The technology of thermal colorant systems can be divided into two fields, mass transfer and dye sublimation transfer. The term mass transfer is used to refer to systems in which both the colorant and its binder are transferred from a donor sheet to a receptor sheet (or intermediate carrier sheet). Because of the relatively large size of the transferred material, (a particle comprising both colorant and binder), color gradation or continuous tones in the image is difficult to achieve. Furthermore, if the colorant is a dye it exhibits more limited aging stability than do pigments.
The term sublimation transfer is used to refer to systems in which essentially only the colorant is transferred by sublimation or vaporization to a receptor sheet. This type of process leaves behind in the donor sheet any binder which might have been used in the donor sheet.
In the mass transfer technology area such improvement has been made in the design and thermal control of the print head. A good example of this approach is is given by S. Merino of Matsushita Electric Company, Ltd. in a paper presented at the August '86 SPSE Conference on Non-Impact Printing Technologies in San Francisco. He described "thermo-convergent ink transfer printing (TCIP) as a system in which the shape of the heating elements of the print head are optimized and the energy pulses are controlled so that half-tone or approximately continuous tone reproduction is much improved when wax-colorant donor sheets are used. Understandably the donor sheet has been the target of improvement work in recent years. Japanese Kokai, J59-224394 discloses the use of two imcompatable binders in which the dye is dissolved. This results in the mass transfer of relatively small particles of colorant. Combining this donor sheet with good print head control is reported to give some low level of color gradation.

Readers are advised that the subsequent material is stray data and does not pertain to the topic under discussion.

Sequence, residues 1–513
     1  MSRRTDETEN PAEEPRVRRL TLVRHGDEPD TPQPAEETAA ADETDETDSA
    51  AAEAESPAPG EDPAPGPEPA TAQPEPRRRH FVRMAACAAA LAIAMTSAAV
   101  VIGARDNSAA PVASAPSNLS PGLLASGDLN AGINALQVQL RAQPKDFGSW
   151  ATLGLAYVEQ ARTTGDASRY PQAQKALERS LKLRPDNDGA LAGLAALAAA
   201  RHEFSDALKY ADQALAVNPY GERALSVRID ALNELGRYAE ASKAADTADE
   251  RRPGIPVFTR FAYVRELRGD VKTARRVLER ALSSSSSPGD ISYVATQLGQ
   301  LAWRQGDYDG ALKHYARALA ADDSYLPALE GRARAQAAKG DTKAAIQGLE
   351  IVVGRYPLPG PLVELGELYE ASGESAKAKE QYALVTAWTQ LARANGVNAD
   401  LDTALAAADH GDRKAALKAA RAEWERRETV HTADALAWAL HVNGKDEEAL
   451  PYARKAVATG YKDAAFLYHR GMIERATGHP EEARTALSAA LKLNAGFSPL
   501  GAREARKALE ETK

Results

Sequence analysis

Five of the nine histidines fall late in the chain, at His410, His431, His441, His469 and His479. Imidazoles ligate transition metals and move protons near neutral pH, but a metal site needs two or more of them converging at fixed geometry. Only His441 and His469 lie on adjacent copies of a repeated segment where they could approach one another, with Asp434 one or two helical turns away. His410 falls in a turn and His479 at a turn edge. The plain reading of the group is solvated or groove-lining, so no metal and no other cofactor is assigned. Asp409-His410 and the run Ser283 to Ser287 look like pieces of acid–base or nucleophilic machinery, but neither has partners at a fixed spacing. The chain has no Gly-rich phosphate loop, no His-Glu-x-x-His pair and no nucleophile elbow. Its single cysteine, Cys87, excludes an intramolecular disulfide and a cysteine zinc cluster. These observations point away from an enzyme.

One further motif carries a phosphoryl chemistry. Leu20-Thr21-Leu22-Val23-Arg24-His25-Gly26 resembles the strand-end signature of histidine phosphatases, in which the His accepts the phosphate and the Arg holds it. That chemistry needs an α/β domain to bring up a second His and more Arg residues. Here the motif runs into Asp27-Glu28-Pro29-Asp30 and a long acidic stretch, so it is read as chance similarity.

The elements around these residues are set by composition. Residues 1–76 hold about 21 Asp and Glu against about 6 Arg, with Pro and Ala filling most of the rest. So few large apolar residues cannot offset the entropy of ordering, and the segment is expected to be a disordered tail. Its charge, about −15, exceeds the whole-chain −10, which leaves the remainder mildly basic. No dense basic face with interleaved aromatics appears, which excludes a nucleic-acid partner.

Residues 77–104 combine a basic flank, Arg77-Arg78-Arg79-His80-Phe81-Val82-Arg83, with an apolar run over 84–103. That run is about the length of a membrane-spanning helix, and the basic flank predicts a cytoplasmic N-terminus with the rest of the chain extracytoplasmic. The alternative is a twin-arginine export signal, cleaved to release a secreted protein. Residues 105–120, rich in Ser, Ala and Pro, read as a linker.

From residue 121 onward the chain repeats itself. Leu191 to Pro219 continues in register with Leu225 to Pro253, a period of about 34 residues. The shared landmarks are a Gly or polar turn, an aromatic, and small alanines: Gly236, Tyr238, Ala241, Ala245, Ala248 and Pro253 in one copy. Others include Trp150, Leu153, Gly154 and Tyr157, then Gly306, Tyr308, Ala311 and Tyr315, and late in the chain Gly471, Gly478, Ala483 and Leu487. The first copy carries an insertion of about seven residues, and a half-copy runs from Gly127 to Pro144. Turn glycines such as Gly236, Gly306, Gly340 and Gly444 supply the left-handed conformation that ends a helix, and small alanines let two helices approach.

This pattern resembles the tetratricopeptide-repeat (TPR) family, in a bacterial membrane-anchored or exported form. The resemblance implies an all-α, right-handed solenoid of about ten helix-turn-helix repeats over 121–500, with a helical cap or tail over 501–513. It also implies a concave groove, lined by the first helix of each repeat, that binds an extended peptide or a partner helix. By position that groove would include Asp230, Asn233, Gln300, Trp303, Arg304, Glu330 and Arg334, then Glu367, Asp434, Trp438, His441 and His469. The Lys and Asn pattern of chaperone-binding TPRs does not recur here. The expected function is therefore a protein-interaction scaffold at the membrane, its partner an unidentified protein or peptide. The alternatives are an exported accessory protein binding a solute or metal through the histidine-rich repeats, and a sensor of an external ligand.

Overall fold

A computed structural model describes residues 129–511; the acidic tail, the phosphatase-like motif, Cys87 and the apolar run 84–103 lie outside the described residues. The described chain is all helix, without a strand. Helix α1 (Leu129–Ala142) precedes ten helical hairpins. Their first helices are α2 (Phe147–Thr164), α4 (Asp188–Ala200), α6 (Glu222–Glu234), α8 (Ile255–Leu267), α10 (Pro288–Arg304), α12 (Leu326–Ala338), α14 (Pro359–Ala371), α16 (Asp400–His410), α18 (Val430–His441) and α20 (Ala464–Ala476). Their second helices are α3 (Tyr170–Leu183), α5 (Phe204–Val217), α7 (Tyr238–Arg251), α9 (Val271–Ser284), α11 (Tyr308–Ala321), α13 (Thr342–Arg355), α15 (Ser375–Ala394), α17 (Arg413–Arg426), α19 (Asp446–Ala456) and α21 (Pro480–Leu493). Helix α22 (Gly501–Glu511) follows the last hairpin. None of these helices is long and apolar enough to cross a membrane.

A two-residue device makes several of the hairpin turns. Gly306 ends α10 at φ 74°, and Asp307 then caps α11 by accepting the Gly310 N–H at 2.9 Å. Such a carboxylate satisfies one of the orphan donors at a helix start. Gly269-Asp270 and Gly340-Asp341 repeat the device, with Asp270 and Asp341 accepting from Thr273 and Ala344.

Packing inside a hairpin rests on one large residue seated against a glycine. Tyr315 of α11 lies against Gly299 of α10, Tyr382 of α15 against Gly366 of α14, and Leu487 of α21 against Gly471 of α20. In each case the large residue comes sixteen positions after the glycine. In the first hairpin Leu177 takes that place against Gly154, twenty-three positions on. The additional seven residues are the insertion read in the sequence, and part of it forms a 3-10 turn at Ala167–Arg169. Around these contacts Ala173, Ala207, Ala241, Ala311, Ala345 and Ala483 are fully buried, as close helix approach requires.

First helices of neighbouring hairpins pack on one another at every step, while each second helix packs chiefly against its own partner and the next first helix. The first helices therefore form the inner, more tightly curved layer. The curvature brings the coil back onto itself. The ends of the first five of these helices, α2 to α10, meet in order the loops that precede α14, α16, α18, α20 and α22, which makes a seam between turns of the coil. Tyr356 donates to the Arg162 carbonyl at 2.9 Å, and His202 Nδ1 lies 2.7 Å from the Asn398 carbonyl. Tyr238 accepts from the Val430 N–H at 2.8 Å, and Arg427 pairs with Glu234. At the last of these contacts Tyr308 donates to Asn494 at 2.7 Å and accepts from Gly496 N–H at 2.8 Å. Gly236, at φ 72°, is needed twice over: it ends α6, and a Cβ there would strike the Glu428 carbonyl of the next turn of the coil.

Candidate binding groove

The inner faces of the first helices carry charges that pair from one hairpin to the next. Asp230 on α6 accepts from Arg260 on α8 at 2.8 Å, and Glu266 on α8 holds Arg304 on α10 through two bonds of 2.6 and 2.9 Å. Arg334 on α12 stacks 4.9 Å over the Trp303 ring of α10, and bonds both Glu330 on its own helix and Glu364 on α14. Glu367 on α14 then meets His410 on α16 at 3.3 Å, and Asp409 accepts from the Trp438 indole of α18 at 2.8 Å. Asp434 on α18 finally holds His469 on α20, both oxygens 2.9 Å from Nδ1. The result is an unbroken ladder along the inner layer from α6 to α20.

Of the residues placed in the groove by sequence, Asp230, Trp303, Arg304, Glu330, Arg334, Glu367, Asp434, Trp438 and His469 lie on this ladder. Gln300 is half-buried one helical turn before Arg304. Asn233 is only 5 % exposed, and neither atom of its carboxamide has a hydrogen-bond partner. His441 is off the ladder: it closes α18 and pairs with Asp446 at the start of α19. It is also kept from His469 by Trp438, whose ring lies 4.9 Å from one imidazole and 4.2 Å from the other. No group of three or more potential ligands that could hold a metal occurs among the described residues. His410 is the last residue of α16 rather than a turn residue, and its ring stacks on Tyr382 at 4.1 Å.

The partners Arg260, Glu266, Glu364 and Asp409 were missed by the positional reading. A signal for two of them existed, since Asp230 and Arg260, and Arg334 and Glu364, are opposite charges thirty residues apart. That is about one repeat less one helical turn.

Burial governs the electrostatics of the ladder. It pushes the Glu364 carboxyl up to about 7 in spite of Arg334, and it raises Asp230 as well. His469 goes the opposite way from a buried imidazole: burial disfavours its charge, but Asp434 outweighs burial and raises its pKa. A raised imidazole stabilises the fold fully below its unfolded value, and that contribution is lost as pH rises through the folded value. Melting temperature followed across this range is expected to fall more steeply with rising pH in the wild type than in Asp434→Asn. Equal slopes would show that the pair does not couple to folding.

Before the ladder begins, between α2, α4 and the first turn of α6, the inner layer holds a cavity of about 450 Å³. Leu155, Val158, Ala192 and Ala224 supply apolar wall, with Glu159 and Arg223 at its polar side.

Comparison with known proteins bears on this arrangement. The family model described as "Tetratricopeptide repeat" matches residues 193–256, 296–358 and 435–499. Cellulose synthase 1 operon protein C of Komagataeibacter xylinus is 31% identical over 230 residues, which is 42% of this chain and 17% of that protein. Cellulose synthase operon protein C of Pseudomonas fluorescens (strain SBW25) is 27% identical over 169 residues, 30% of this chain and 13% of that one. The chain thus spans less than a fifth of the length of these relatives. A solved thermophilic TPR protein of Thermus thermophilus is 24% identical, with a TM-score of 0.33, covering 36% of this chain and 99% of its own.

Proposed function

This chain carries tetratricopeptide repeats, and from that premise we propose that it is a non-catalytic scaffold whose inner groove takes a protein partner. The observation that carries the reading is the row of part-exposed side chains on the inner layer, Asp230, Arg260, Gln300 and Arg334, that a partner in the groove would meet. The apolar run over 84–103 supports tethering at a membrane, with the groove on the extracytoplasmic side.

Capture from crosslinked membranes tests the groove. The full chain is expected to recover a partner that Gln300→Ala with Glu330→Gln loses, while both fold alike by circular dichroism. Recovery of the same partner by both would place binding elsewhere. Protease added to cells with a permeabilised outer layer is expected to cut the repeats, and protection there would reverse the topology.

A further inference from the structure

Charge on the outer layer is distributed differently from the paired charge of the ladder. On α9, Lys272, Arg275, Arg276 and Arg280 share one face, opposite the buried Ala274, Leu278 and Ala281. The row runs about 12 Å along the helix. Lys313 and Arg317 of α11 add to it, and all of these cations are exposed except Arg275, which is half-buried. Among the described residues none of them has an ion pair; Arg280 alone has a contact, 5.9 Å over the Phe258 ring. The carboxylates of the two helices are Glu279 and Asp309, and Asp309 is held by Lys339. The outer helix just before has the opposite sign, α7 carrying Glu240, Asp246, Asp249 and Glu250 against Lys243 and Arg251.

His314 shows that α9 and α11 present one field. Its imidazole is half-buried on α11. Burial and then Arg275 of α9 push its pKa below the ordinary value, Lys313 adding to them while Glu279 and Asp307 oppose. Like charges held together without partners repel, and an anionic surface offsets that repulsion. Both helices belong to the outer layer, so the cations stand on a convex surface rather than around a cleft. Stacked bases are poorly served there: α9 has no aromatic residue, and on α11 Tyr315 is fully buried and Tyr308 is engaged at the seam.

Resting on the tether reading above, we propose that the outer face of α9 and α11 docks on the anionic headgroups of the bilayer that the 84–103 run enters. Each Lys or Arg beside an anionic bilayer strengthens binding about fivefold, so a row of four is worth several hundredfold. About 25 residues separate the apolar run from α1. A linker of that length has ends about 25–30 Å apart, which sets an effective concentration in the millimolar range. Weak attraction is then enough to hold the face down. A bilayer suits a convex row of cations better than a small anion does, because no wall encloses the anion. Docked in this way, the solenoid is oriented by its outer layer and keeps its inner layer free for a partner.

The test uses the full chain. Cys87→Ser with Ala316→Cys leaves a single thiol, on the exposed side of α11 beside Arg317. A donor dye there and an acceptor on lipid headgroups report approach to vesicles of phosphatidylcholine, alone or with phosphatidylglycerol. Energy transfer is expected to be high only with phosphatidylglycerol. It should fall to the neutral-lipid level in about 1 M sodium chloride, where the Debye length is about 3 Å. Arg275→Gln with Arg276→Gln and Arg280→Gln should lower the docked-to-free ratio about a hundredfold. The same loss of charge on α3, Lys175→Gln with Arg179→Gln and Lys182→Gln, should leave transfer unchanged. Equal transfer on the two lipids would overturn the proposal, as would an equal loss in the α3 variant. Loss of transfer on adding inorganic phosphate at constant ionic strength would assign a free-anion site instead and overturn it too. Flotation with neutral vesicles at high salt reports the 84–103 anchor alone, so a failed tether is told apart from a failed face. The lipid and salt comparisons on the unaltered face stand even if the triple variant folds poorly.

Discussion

European Patent, EPO 163297 teaches the use of high melting-point particles with diameters larger than the thickness of the ink layer which particles serve as heat conductors to aid in the transfer of the color mass.